Esteban-Cornejo, I., Martinez-Gomez, D., Sallis, J. F, Cabanas-Sánchez, V., Fernández-Santos, J., Castro-Piñero, J. & Veiga, OL. (2015). Objectively measured and self-reported leisure-time sedentary behavior and academic performance in youth: The UP & DOWN Study. Preventive Medicine,77 106-111. Netherlands: Elsevier. Retrieved from https://doi.org/10.1016/j.ypmed.2015.05.013
Objective: To examine the associations of (i) objectively measured and self-reported sedentary behavior during leisure time with academic performance and (ii) patterns of sedentary behavior with academic performance. Methods: This study was conducted with 1146 youth aged 12.5 ± 2.5 years in Spain during 2011–2012. Leisure-time sedentary behavior during out-of-school hours was assessed by accelerometry and self-report. Academic performance was assessed through school grades. Results: Objectively measured sedentary leisure-time was not significantly associated with academic performance. Time spent in Internet surfing, listening to music, and sitting without doing anything were negatively associated with all academic performance indicators (β ranging from − 0.066 to − 0.144; all p < 0.05). However, time spent in doing homework/study without computer and reading for fun were positively associated (β ranging from 0.058 to 0.154; all p < 0.05). Five major sedentary patterns were identified. The “high social-low TV/video” and the “low studying-high TV/video” patterns were negatively associated with all academic indicators (β ranging from − 0.085 to − 0.148; all p < 0.05). The “educational” pattern was positively associated with all academic indicators (β ranging from 0.063 to 0.105; all p < 0.05). Conclusions: Specific domains of self-reported sedentary behavior during leisure-time, but not objectively measured sedentary leisure time, may influence academic performance.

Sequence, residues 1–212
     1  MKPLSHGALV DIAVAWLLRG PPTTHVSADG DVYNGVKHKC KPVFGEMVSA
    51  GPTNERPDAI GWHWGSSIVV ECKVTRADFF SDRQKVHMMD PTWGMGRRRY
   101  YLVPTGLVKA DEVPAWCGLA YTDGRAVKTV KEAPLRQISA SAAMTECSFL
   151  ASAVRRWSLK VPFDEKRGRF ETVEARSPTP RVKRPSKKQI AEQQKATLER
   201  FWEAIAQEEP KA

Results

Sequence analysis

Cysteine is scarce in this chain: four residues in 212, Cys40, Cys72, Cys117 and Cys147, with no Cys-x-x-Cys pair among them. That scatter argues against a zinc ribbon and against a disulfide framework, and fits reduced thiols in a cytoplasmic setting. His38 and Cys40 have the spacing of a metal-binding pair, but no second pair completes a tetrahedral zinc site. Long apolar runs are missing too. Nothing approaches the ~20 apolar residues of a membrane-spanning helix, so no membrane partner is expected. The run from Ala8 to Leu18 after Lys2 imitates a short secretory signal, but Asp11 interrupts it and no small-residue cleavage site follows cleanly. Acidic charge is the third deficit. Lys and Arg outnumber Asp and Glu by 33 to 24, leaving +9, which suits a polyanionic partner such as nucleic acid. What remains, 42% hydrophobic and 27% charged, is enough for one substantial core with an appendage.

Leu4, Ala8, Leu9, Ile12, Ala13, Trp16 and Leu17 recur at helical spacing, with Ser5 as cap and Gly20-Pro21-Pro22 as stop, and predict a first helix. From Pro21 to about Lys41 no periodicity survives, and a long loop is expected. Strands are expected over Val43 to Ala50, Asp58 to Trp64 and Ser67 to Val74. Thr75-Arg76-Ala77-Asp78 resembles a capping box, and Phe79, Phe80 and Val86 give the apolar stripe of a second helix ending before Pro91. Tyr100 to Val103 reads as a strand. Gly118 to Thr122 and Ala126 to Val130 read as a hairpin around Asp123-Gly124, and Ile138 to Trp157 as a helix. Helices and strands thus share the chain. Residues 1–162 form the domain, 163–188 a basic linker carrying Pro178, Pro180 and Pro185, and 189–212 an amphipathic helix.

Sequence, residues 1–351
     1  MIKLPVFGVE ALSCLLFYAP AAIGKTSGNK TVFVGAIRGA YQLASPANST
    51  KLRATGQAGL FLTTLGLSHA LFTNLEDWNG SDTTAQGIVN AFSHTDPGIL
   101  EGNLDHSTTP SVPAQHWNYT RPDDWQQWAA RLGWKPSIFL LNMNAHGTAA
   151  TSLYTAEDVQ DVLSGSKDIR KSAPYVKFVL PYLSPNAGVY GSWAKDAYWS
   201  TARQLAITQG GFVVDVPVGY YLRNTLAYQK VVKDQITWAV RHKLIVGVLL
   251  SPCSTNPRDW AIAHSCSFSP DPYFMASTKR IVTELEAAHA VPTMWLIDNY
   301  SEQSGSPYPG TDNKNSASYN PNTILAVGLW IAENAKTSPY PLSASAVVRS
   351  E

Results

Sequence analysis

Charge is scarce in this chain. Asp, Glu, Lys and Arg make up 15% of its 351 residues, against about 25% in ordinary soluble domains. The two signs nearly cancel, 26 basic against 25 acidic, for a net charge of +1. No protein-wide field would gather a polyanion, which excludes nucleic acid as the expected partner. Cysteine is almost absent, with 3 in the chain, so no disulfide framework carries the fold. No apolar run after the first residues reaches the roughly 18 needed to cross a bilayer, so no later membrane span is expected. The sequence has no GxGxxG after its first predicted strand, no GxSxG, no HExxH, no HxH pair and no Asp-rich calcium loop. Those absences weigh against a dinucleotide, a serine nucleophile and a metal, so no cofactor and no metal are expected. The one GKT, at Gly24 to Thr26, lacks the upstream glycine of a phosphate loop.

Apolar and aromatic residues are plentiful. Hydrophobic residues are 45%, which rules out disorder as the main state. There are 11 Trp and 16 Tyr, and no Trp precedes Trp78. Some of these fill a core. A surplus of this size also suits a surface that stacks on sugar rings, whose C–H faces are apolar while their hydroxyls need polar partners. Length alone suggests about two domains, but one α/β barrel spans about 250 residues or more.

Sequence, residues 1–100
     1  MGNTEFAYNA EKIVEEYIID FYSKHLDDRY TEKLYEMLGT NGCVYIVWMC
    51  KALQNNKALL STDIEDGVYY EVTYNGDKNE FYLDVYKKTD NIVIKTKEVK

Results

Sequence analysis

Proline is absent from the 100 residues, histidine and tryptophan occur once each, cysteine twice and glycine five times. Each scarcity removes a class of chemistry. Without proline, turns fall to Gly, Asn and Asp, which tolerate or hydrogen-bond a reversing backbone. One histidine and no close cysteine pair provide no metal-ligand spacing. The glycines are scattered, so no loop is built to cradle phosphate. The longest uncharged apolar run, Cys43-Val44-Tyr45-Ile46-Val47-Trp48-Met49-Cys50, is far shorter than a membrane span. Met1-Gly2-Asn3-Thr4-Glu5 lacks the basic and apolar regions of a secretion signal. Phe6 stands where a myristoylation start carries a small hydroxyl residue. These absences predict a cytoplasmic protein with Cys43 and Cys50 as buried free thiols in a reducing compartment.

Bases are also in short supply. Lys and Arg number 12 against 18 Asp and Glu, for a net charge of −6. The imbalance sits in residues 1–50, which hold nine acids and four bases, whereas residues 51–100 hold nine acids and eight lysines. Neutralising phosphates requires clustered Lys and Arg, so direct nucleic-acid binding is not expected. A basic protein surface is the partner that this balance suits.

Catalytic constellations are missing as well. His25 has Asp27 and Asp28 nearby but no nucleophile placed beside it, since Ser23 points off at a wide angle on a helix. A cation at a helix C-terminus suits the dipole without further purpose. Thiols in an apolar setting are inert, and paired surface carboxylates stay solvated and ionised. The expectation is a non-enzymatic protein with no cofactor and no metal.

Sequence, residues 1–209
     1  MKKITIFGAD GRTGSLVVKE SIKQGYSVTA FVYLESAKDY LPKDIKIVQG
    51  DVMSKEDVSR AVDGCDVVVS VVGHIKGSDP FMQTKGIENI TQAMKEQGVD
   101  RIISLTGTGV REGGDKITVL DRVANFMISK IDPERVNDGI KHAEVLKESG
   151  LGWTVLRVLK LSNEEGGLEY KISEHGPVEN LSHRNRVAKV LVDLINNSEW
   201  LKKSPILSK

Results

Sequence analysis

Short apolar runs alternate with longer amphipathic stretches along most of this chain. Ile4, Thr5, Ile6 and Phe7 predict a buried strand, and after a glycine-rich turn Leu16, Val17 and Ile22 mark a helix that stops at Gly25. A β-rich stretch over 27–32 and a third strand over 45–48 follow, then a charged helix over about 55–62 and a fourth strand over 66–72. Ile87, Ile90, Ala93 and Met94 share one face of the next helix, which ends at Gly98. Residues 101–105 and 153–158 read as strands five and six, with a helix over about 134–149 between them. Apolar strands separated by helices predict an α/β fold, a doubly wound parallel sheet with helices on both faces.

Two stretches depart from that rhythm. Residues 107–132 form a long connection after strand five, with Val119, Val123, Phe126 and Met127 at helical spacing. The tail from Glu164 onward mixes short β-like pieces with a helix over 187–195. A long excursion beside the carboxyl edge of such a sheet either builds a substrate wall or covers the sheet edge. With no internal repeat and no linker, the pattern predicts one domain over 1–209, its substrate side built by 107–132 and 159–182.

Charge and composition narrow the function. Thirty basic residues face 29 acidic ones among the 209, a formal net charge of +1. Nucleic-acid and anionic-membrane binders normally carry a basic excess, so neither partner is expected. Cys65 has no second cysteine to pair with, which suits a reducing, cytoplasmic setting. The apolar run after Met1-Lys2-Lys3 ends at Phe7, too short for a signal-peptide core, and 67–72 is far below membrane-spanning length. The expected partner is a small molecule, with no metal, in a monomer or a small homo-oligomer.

Institute for Health and Ageing
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